Yesterday on the black sand beach at Fort Funston, we found a whole lot of California Beach Fleas. Though they are impressive jumpers, that’s about their only resemblance to fleas — they don’t bite and aren’t pests. They eat kelp and other detritus washed up on shore by the waves.

These cute critters are easily recognized by the vivid red highlights on their appendages. Turn over a soggy mass of kelp on the beach and you’re likely to find plenty of them, as well as some of their related species.

The California Beach Flea’s binomial name is Megalorchestia californiana, from the Greek words for “big” — megale — and “dancer” or “leaper” — orchestes (from which our modern word orchestra also comes).

Not only are they fantastic leapers, but they’re also amazing diggers — drop one on the sand and watch it burrow almost instantly out of sight.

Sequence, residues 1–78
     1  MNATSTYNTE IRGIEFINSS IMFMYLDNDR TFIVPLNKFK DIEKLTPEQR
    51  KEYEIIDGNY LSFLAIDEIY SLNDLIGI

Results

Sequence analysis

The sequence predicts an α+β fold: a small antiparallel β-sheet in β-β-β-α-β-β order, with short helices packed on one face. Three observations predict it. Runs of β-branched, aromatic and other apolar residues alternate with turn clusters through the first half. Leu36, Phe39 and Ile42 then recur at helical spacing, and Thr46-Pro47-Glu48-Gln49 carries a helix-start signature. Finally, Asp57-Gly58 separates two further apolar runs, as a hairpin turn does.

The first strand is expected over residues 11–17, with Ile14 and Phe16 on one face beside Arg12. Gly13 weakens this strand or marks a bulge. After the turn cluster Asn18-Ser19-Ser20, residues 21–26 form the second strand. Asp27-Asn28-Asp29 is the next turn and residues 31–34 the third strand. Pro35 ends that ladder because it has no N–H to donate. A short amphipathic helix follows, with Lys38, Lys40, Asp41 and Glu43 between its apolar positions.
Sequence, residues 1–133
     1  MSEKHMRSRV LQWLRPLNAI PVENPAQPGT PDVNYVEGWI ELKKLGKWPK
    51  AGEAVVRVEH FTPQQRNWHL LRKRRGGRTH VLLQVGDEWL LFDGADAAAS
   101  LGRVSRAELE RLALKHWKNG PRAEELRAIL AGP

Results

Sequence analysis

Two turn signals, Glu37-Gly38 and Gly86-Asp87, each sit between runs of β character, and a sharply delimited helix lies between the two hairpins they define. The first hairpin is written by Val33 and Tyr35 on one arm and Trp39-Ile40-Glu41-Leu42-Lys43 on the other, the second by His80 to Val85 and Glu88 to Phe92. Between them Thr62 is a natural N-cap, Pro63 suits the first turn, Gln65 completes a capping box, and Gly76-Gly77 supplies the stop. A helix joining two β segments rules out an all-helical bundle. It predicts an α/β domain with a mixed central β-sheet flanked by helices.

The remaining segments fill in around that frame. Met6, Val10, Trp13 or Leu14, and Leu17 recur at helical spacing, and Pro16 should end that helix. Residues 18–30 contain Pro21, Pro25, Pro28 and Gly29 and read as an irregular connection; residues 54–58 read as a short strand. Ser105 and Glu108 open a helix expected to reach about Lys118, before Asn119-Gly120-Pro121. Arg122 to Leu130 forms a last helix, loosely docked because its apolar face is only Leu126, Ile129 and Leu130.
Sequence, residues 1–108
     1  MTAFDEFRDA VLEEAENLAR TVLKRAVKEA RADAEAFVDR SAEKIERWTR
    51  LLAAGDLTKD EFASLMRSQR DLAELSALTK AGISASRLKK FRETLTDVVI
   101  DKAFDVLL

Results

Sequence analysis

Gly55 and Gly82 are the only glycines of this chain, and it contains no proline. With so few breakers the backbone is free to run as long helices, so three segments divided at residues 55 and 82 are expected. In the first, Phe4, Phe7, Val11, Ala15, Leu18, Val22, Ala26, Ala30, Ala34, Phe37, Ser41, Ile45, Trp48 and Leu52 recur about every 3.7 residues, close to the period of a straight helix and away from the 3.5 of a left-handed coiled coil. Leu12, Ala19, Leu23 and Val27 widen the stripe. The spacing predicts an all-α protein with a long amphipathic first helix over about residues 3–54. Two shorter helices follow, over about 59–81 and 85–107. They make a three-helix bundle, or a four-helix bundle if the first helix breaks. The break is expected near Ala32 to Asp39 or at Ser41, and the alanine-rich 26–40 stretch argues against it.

Megalorchestia californiana

Megalorchestia californiana, the “California Beach Flea.”

Megalorchestia in handMegalorchestia field guide

Megalorchestia californiana

A detailed view of the beach flea’s compound eye.

Megalorchestia antenna detail

Megalorchestia californiana

Legs and the translucent plates of its body segments.

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